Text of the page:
My name is Fred and I am a gay conservative living in Ottawa. This blog supports limited government, the right of the State of Israel to live in peace and security, and tries to expose the threat to us all from cultural relativism, post-modernism, and radical Islam. I am also the founder of the Free Thinking Film Society in Ottawa (

Thursday, July 28, 2011

Hezbollah: Party of Fraud...

Just a terrorist organization that moonlights as a huge criminal gang...arrest Nasrallah now...
Signs of Hezbollah’s increasing reliance on criminal activity quickly began popping up across the globe. In February of this year, U.S. prosecutors indicted seven U.S. citizens -- one of whom is a known Hezbollah associate -- for allegedly conspiring to aid the Taliban. Drug Enforcement Administration agents recorded meetings in Benin, Ghana, Romania, and Ukraine between the defendants and confidential DEA sources posing as Taliban representatives. According to the tapes, some of the individuals agreed to receive, store, and move tons of Taliban heroin. Others offered to sell substantial quantities of cocaine that the Taliban or their agents could then resell, either themselves or through drug dealers, at a profit in the United States. One of the indicted individuals, Alwar Pouryan, an Iranian national described by one of his co-conspirators as “a weapons trafficker affiliated with Hezbollah,” planned to sell weapons to Taliban representatives, giving DEA agents the details about the proposed deal. According to the indictment against Pouryan and the other six suspects, the list included surface-to-air missiles, antitank missiles, grenade launchers, and AK-47 and M-16 rifles. Hezbollah operatives have demonstrated their willingness to sell drugs and arms -- even for ostensible adversaries such as the Taliban -- to supplement their revenues.

The discovery of this Hezbollah-linked conspiracy to support the Taliban followed the U.S. Treasury Department’s decision in January of this year to blacklist the Lebanese narcotics kingpin Ayman Joumma, along with nine people and 19 businesses involved in his drug trafficking and money laundering. An extensive DEA investigation revealed that Joumma laundered as much as $200 million a month from cocaine sales in Europe and the Middle East to operations located in Colombia, Lebanon, Panama, and West Africa through money exchange houses, bulk cash smuggling, and other schemes. According to U.S. prosecutors, the majority of those drug profits were funneled back to Hezbollah. Two weeks later, the Treasury Department designated the Lebanese Canadian Bank as a “financial institution of primary money-laundering concern” for colluding with Joumma to launder his illicit profits and direct them to Hezbollah. The depth of Hezbollah’s relationship with Joumma and with LCB, Lebanon’s eighth-largest bank, with a reported $5 billion in assets in 2009, suggests just how intricate and ambitious Hezbollah’s criminal activities have become.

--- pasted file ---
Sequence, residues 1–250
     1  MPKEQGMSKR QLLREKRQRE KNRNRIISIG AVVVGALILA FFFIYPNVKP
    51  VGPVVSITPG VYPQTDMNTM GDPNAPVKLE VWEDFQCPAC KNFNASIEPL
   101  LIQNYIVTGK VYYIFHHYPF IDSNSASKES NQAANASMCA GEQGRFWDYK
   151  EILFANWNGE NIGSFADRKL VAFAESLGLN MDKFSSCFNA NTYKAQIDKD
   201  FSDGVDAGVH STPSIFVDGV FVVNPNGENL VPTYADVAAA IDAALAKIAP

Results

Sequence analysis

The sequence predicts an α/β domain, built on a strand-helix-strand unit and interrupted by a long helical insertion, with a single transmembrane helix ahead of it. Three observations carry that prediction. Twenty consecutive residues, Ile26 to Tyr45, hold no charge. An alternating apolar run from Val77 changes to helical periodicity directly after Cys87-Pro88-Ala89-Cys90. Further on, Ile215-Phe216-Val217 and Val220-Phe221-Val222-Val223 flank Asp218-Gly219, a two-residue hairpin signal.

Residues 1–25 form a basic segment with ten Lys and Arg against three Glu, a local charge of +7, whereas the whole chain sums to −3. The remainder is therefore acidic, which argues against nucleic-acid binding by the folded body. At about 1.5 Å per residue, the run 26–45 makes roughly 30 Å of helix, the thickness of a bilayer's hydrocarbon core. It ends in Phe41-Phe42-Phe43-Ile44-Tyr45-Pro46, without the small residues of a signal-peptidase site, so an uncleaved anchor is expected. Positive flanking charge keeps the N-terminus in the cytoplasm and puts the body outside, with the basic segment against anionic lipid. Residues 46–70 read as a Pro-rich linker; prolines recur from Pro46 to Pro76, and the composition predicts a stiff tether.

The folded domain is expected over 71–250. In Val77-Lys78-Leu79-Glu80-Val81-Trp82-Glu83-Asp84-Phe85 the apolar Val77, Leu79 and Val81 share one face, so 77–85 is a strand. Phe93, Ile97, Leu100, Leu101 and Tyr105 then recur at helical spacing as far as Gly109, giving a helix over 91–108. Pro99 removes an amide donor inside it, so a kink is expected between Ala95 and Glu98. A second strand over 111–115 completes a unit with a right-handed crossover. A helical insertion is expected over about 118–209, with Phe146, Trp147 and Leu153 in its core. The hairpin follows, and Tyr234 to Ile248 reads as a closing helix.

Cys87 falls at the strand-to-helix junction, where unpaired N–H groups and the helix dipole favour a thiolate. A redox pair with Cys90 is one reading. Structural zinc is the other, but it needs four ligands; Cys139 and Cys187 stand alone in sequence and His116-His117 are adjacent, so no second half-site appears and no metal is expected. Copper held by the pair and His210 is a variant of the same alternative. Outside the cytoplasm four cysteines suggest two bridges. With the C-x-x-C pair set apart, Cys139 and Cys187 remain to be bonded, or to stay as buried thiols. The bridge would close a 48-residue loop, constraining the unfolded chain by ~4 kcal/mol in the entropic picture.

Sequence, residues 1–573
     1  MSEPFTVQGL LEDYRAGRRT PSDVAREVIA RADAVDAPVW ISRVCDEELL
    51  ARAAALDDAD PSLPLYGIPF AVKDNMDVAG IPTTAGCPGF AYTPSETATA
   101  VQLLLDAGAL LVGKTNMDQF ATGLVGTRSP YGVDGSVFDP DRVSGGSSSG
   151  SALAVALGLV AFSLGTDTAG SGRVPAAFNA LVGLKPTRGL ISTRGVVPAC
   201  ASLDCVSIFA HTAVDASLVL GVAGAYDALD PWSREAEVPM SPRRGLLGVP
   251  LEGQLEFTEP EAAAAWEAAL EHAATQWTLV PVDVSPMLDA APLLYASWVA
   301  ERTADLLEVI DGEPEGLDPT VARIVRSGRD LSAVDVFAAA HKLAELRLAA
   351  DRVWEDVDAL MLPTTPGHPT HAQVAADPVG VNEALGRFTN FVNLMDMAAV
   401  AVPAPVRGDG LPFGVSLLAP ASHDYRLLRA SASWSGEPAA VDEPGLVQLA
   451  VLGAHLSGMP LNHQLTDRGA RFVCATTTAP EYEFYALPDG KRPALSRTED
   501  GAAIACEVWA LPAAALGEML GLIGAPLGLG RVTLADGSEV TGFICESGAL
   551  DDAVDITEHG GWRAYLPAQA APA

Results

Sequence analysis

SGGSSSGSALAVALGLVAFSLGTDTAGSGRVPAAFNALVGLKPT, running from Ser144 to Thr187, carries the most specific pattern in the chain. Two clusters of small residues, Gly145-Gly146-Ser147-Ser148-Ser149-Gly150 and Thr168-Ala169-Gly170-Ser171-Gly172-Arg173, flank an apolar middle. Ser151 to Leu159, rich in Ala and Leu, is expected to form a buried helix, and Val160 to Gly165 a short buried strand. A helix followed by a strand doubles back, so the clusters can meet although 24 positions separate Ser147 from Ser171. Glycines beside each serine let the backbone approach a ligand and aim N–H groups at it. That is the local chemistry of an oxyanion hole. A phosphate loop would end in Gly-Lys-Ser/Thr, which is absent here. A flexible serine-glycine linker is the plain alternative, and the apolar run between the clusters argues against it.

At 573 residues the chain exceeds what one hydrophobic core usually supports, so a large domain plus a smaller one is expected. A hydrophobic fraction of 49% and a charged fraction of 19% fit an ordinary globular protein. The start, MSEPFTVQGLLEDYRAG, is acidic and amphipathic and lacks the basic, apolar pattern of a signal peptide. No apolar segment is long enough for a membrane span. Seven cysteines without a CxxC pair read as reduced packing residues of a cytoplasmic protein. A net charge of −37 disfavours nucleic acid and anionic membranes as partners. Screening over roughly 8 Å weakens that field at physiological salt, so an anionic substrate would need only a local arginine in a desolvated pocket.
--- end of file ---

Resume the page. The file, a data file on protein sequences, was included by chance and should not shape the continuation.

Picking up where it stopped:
The list of Hezbollah-linked criminal projects continues. In Miami last October, a group of businessmen pled guilty to attempting to ship electronics to a shopping center in South America that the U.S. Treasury Department designated as a Hezbollah front. In Philadelphia in 2009, ten individuals were charged with conspiring to provide material support for Hezbollah through trafficking counterfeit goods. The defendants in the case transported stolen laptop computers, passports, Sony PlayStation 2 systems, and automobiles to raise funds for Hezbollah, and attempted to procure weapons for the organization as well. Authorities tracked the shipment of stolen goods to places as disparate as Benin, Venezuela, and the United States. A separate criminal complaint in Philadelphia that same year charged Dani Nemr Tarraf -- a German national who maintained a home in Lebanon -- with spearheading a plot to obtain 10,000 machine guns and a shoulder-fired missile system capable of destroying an F-16 that could be shipped to Iran or Syria.
Despite being discovered in these several cases, Hezbollah operatives continue to run one of the largest and most sophisticated global criminal operations in the world. These criminal activities have strengthened Hezbollah and made it more difficult for Western nations to undermine it. Yet they have also exposed Hezbollah to unprecedented risk. Well trained by Iran in the arts of counterintelligence and operational security, Hezbollah prefers to keep its actions out of the public eye. Its crime network, however, has placed the organization under unprecedented scrutiny from law enforcement agencies worldwide, offering a new opening for international action to weaken it like never before.


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